How to Weather COVID-19

Epidemiologist Edwin Michael leads an online portal that forecasts the disease’s impact — and offers insight into safe and unsafe activities.

Author: Margaret Fosmoe ’85


How does an epidemiologist go about daily life in the midst of a pandemic?


Edwin Michael is an epidemiologist and professor of biological sciences at Notre Dame. He’s the lead investigator on SEIRcast, an online portal developed by researchers at Notre Dame and the University of South Florida. The portal uses data to forecast how hospital services and resources may be impacted during the ongoing coronavirus pandemic.

Developed primarily for use by government and public health service workers, the portal models predict COVID-19 disease transmission by using county data of daily reported infections and human movement restrictions, such as shelter-in-place and social distancing orders. As of June 30, the portal contained data and forecasts for 12 states, including Indiana. The portal is expanding and eventually will include all 50 states.


Notre Dame Magazine recently spoke with Michael about what activities he considers safe, of moderate risk or very risky during the coronavirus pandemic:

Going for an outdoor walk, run or bike ride: “No risk, as long as you maintain (social) distancing,” Michael says.

Going for an outdoor walk, run or bike ride with a group: “I would be very cautious,” he says, emphasizing the need for social distancing and wearing face masks.

Getting a carryout food order: Pretty safe. Michael said he feels comfortable ordering carryout food and has been doing that lately.

Eating at a restaurant on an outdoor patio: “I would still be uncomfortable. I personally would be,” he says.

Eating indoors at a restaurant at 50 percent seating capacity: “No way, I would not do that right now,” he says.

Going to a gym or other indoor fitness facility: “No way. That is high risk,” he says.

Going to a grocery store: A medium risk activity, and one he’s undertaking on a regular basis, Michael says. At the grocery store, everyone should wear a mask and maintain social distancing. “It’s not perfect, but you know what? You have to go to the grocery,” he says.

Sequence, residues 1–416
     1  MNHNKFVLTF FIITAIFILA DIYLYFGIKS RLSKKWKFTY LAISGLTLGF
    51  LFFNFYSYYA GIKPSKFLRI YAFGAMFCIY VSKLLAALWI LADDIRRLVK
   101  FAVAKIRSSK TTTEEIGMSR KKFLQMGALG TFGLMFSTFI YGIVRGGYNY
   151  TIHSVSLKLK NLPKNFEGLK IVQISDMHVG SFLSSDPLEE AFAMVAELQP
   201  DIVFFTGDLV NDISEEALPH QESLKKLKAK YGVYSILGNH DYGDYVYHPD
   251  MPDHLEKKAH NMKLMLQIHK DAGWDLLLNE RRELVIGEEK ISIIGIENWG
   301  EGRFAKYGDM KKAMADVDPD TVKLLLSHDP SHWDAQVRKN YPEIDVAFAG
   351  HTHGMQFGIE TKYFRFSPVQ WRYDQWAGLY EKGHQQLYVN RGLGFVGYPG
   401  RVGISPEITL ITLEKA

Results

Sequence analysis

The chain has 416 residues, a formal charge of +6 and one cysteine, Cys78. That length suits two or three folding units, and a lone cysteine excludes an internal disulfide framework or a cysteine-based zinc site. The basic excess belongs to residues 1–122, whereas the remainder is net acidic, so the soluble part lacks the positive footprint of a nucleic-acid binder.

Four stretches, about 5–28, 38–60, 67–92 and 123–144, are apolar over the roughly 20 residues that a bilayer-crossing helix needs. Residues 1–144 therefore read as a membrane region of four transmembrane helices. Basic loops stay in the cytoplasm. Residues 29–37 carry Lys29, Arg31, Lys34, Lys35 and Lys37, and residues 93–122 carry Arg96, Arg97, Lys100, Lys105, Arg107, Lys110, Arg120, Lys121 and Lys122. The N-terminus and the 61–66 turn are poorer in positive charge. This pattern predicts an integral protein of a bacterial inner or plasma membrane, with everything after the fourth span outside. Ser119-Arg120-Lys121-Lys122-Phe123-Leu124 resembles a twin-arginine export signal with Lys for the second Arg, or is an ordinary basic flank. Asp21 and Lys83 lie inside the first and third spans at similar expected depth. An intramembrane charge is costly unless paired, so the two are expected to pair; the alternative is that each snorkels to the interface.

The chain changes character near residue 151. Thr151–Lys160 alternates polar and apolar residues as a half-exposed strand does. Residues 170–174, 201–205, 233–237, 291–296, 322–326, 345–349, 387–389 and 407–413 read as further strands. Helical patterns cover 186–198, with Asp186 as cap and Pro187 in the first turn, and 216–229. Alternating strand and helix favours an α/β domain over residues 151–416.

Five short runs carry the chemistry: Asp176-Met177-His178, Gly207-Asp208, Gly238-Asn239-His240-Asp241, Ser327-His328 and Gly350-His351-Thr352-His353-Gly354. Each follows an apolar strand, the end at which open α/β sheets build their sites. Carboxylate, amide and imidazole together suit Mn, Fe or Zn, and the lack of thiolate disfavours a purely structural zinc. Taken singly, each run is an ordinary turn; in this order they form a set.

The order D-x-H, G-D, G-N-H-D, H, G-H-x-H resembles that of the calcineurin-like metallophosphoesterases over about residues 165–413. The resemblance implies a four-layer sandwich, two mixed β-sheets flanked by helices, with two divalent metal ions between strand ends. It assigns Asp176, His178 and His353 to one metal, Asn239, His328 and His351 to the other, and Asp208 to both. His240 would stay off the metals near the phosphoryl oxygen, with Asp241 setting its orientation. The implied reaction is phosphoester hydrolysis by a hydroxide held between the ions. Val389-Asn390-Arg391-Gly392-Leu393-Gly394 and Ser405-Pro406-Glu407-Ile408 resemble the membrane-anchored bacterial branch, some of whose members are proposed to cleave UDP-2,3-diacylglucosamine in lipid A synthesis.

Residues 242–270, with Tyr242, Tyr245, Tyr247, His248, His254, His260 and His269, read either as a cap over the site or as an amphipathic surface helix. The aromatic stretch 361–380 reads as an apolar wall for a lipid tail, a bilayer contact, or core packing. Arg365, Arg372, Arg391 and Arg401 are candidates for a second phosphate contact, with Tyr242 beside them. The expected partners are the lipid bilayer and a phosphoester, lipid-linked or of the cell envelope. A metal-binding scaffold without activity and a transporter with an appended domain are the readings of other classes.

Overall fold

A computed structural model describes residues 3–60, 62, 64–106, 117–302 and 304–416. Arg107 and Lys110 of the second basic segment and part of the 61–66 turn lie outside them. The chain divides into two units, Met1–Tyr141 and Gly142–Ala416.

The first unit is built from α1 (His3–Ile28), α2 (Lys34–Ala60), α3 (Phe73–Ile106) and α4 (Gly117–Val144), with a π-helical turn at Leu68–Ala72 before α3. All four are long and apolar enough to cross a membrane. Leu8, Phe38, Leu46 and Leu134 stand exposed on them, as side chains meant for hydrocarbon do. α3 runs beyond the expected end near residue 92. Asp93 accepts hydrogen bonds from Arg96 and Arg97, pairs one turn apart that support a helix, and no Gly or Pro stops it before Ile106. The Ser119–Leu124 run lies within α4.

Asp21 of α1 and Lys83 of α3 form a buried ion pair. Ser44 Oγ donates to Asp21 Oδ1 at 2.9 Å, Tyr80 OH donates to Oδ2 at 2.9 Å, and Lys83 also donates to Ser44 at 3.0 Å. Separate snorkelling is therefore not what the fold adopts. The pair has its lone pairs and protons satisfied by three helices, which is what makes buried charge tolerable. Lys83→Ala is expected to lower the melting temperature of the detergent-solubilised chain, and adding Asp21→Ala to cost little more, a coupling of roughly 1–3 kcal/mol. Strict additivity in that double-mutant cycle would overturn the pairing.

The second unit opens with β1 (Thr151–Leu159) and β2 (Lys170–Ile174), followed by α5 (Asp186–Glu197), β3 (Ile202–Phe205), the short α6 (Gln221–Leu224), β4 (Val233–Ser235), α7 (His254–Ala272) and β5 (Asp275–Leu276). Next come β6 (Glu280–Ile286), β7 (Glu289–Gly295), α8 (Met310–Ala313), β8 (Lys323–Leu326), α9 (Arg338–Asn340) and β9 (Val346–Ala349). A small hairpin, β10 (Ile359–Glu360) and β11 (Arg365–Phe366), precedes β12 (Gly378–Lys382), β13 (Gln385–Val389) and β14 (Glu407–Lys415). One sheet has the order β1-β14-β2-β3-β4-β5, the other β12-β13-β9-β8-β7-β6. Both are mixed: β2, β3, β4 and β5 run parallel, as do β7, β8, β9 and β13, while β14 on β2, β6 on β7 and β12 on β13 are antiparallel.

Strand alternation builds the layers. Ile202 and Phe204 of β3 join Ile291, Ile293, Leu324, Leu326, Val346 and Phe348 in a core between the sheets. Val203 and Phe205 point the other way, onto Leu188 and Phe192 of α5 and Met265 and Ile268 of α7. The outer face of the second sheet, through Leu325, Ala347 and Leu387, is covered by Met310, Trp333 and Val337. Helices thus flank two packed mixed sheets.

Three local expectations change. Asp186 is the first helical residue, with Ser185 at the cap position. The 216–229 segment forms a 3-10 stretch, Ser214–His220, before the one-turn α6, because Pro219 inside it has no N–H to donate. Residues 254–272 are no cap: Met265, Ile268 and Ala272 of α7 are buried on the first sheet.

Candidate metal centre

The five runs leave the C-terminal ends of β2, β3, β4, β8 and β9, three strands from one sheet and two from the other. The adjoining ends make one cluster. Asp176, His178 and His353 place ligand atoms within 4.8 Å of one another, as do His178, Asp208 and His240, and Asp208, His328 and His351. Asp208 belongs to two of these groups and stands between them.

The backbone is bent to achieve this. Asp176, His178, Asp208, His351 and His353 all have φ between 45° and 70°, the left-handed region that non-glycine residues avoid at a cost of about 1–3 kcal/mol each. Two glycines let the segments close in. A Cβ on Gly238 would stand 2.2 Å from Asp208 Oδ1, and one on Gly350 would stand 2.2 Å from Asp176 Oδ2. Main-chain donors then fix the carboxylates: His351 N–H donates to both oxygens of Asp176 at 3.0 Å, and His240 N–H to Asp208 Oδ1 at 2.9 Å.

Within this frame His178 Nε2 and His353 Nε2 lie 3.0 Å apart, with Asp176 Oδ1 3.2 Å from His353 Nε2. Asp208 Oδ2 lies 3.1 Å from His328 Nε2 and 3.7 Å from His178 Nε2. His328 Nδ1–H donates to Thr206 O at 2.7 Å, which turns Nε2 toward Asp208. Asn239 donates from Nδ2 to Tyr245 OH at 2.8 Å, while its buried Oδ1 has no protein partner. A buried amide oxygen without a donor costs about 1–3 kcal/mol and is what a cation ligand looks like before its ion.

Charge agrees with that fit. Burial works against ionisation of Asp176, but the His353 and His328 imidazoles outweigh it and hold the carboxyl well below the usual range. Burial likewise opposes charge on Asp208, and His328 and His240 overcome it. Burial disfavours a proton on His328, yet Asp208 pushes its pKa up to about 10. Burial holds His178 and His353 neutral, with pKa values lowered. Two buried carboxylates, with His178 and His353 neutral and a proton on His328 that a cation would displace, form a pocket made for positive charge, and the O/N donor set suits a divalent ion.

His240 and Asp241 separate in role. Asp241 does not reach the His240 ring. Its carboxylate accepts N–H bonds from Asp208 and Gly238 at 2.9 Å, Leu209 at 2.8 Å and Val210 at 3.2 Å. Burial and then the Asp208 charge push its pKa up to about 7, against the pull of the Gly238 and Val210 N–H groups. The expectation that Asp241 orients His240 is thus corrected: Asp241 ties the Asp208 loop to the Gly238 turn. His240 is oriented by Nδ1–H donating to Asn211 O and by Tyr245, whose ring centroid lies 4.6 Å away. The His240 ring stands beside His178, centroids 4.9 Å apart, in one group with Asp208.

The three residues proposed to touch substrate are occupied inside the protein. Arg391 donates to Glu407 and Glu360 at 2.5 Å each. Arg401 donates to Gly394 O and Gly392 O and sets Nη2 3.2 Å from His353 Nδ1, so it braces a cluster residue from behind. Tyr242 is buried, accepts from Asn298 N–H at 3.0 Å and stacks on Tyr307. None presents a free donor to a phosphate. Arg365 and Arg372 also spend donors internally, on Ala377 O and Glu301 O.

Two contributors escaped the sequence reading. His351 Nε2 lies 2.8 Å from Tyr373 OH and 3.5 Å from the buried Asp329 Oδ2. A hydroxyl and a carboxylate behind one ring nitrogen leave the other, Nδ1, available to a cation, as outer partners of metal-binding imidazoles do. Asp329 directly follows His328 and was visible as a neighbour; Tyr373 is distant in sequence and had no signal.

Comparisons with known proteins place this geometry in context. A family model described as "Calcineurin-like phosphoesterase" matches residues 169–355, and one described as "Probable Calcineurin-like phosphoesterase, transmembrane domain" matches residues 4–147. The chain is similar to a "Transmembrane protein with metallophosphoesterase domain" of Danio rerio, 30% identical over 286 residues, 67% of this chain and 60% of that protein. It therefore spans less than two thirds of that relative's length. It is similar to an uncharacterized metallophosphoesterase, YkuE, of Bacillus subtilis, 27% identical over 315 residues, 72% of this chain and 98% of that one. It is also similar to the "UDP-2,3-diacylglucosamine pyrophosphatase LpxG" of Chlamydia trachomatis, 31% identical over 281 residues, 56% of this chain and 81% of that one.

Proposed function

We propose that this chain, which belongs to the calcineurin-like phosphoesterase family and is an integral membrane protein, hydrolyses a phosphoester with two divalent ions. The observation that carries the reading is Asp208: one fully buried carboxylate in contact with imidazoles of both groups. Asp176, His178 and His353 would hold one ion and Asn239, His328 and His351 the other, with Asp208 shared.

Going to a bar or a nightclub: “That’s very high risk,” he says.

Taking a driving vacation: Medium risk because you have to stop along the way for food, gas and potentially to stay someplace overnight, he says.

Staying at a hotel: Risky at this point, he says.

Attending a team sports event as a fan, such as going to a baseball or football game or soccer match: “No way,” he says.

Going to an indoor shopping mall or department store: Medium to high risk, he says, depending on how crowded it is and whether people are wearing masks.

Visiting a Lake Michigan beach: “If it’s not crowded, I wouldn’t mind. If it’s crowded, head for the hills,” he says.

Michael emphasizes that people need to keep washing their hands, wearing masks and watching their distance. “Everybody has to be responsible,” he says. “Because it’s not me, it’s the other people you’re protecting.”

Michael’s family remains in London. He usually flies there every six weeks, but he has not traveled since the pandemic started spreading in late winter. That’s been hard, he says.

Since the campus shutdown in mid-March, Michael has been going to his Notre Dame office every day for his work with the COVID-19 portal. His main area of research is tropical infectious diseases, but his work in that area is on hold because of the coronavirus spread.

Michael joined the Notre Dame faculty in 2011. He will be leaving the University July 18 to take a new job at the University of South Florida.

Margaret Fosmoe is an associate editor of this magazine.